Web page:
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curing the mondays

Ari_023 It's been a wild weekend and a cranky but cute 6 week old who thinks nighttime it party time doesn't help. 

So what's the best cure for a getting through the day mentality?  A shared sense of adventure.  We can all recall a time when the possibilities were endless; we were the drivers of our own lives, and the sky was the limit.  Years of grudging acceptance of reality often jades this perspective, leaving us with the distractions and escapes of entertainment, television and movies, living lives of forgotten dreams and eventual regrets. 

So why is it that we flock to media for distraction?  For a fake, plastic sense of adventure gained through association with compelling content that requires no personal risk and no effort greater than flicking the remote from the comfortable confines of the lazy boy?  We as a culture spend ridiculous amounts of time and money living vicariously through the fictional characters on TV, simply because we're looking for escape.

CK raised some great points around the ethical parameters of reality tv, but it is the reality behind that television experience that drives our attention to the unscripted.  While the fictional characters created by talented teams of writers often provide compelling venues for escape into lives far more compelling than our own, reality tv has an air of authenticity that cannot be scripted.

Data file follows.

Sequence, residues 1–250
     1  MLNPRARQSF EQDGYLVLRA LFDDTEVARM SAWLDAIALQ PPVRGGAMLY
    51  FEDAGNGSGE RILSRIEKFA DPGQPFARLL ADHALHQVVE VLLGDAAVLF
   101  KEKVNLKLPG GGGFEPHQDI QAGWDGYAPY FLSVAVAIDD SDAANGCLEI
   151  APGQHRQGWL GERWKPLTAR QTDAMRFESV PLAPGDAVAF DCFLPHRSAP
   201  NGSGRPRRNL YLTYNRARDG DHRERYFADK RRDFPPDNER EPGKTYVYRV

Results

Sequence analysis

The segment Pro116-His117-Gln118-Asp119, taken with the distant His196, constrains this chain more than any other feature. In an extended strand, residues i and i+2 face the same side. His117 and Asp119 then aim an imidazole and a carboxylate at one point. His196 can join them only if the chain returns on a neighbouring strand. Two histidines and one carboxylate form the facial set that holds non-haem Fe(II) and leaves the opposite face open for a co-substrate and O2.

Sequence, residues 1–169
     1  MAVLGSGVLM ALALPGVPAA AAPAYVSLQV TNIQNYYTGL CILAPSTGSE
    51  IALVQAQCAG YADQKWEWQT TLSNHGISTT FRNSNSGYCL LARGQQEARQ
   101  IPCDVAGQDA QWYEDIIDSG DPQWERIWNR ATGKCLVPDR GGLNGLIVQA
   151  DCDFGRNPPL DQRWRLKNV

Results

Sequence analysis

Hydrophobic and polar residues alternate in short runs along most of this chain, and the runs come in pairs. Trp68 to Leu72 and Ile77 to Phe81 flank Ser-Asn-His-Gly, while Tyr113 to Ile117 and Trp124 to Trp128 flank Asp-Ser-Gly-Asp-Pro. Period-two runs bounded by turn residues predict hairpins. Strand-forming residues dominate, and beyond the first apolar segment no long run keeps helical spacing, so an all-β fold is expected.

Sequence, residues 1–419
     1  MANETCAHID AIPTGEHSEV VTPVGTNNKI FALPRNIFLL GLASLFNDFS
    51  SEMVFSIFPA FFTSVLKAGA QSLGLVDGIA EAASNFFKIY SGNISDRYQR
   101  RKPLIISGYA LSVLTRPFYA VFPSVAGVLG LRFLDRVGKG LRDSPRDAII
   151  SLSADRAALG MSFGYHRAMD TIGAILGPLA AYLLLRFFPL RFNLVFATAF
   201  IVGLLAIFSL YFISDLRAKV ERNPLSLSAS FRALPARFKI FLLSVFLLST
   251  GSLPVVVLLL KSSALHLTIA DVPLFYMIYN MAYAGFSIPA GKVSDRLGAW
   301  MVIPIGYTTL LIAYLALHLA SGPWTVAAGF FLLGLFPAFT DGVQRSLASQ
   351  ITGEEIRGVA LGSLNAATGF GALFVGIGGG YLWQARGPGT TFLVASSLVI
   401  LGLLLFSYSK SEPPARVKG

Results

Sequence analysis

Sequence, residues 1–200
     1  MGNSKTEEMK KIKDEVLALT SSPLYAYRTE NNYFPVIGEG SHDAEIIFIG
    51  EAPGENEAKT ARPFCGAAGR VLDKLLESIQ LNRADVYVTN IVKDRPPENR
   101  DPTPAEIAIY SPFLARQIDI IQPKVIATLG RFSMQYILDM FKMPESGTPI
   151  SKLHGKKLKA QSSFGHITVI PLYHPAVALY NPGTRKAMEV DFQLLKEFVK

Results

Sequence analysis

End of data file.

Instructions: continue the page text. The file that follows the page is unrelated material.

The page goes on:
The next step in the reality revolution will not be MORE reality programming, but true reality, often featured in UGC.  For all the inane mindless dribble that is much of YouTube, there is the occasional clip that generates a true emotional connection.  For me, the clip below encapsulates the true power of this media.

As poorly produced as this clip may be, tell me you didn't root for the kid to do something amazing.  Tell me a little bit of you didn't celebrate when he splashed down into the pool.  Tell me you didn't feel the sense of victory that often accompanies your team winning the championships when his friends took the dive. 

Our complacency often comes from burn out.  The only way to get yourself back on track is to remind yourself of the greatness and achievement that is possible.  I once worked for an elderly man who surrounded himself with younger people.  I thought he was crazy, but he said that he fed off their youthful exuberance.

Next time you're around some kids, watch them play.  There is no limit to the boundaries of their imagination.  Why are there fences on ours?